"Examining Tuskegee" seeks to reaffirm the importance of medical ethics and informed consent. Unlike previous studies on Tuskegee, Reverby's
"Examining Tuskegee" highlights the usual black-and-white tale of ethics and deception by documenting the personal stories of surviving victims.
"I was terrified that I wouldn't understand the heavy southern accent and I was more worried that they wouldn't understand my New York accent," Reverby said of her first interactions with former Tuskegee subjects. She traveled to Macon County, Ala. to interview the men directly.
Reverby was not solely concerned with making her findings on Tuskegee known to the government. She spoke to the families of the victims to help them understand the injustice of the syphilis study.
"The scariest thing was speaking at a Southern Baptist church," she recalled. It was in that Baptist Church that she discussed the syphilis study before an audience of approximately one hundred individuals in Notasulga, Ala., just outside of Tuskegee. "About a quarter were family members of the study," Reverby recalled. She had to face down the community's suspicious comments: "‘Why should we believe you? Are you here just to use us one more time?'"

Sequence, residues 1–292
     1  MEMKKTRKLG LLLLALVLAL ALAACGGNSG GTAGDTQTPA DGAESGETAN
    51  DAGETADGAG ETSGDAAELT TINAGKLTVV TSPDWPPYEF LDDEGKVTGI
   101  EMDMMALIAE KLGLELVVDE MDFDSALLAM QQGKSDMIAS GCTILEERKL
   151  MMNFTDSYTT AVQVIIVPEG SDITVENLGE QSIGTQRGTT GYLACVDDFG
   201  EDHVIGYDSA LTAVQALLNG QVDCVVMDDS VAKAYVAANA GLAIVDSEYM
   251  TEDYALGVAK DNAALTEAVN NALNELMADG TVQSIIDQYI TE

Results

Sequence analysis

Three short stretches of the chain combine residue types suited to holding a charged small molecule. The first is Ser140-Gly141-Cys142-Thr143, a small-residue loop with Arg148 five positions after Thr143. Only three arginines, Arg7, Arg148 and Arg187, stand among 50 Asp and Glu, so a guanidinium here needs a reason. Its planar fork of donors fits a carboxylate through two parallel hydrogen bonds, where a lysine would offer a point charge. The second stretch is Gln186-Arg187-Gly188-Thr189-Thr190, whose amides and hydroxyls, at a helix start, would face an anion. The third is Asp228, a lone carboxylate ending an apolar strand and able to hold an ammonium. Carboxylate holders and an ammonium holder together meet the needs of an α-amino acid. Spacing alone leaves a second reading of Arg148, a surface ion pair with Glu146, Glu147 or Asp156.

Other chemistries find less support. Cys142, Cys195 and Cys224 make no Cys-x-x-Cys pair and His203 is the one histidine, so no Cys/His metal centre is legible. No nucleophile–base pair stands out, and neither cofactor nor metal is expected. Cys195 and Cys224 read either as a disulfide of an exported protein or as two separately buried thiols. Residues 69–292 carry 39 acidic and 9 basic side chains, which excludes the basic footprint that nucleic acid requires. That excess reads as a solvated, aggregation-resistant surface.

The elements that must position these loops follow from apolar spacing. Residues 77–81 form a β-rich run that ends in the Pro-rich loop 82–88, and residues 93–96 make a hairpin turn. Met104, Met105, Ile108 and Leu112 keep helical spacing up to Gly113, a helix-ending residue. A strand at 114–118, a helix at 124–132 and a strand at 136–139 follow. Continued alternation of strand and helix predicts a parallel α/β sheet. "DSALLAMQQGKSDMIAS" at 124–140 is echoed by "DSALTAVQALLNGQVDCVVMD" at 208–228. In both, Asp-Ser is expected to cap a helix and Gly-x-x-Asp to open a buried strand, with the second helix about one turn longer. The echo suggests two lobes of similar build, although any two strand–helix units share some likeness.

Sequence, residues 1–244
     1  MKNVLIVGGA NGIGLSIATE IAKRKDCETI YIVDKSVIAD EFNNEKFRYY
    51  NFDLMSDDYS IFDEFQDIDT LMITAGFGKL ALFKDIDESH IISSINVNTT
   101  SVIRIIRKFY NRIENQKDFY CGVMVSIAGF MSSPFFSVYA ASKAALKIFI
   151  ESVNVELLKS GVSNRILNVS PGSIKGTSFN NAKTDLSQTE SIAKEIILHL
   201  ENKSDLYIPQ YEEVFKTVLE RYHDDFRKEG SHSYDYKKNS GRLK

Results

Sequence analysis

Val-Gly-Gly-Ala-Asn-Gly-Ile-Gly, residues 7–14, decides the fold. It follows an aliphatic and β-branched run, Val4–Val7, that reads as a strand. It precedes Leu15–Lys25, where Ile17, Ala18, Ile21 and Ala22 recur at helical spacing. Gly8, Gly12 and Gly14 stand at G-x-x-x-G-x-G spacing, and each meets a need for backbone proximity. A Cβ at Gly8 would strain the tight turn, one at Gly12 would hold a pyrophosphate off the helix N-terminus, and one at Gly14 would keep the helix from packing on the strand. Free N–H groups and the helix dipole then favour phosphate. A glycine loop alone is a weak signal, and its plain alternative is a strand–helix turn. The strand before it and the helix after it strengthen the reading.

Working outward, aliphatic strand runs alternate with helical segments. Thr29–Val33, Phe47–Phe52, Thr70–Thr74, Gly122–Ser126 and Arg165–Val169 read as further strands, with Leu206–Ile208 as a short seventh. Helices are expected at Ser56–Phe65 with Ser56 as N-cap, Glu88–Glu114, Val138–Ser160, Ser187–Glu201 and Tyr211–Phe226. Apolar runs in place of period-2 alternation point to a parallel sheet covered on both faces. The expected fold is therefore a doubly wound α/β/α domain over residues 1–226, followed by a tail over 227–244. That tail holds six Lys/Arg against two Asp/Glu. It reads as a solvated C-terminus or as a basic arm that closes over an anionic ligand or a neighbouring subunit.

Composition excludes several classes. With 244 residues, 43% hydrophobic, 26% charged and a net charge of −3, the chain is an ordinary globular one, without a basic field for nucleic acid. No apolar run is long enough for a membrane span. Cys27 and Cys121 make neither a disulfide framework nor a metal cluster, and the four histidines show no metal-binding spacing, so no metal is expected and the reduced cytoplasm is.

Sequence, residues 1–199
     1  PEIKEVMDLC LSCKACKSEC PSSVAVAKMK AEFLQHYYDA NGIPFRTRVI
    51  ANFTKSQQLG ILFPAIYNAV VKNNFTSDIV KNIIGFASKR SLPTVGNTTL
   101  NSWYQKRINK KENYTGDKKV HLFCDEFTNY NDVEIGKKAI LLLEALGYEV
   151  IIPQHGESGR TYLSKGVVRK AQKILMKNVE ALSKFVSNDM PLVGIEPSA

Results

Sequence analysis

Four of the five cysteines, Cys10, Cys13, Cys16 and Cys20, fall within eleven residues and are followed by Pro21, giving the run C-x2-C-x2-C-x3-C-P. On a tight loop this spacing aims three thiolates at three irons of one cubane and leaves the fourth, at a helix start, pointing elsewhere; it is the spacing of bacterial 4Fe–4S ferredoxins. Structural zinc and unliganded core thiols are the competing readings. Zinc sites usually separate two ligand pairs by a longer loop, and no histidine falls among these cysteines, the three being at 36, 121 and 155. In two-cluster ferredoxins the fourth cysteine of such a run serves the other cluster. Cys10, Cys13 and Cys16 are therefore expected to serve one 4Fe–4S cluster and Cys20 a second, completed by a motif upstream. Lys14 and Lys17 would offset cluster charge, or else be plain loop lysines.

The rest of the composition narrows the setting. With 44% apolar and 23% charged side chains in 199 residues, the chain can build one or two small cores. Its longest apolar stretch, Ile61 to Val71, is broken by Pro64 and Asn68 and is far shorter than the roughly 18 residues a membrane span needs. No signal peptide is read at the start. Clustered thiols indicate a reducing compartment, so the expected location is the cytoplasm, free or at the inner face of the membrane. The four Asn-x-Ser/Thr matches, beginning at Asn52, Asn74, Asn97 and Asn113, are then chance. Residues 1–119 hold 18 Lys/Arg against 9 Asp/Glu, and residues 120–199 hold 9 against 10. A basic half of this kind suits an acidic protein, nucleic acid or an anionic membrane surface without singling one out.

To acknowledge Reverby's efforts in documenting and publishing details on the Tuskegee experiments, Macon County declared a "Susan Reverby Day." "This was a high point in my intellectual career," said Reverby, who was overwhelmed by the response of Macon County and the warmth extended to her.
Although Reverby acknowledged the personal importance of the reaction to her efforts from the local communities, she is even more appreciative of the impact she has had on the academic community. Her work has had a lasting impact on more than twenty historians, a fact that is deeply meaningful to her. - from The Wellesley News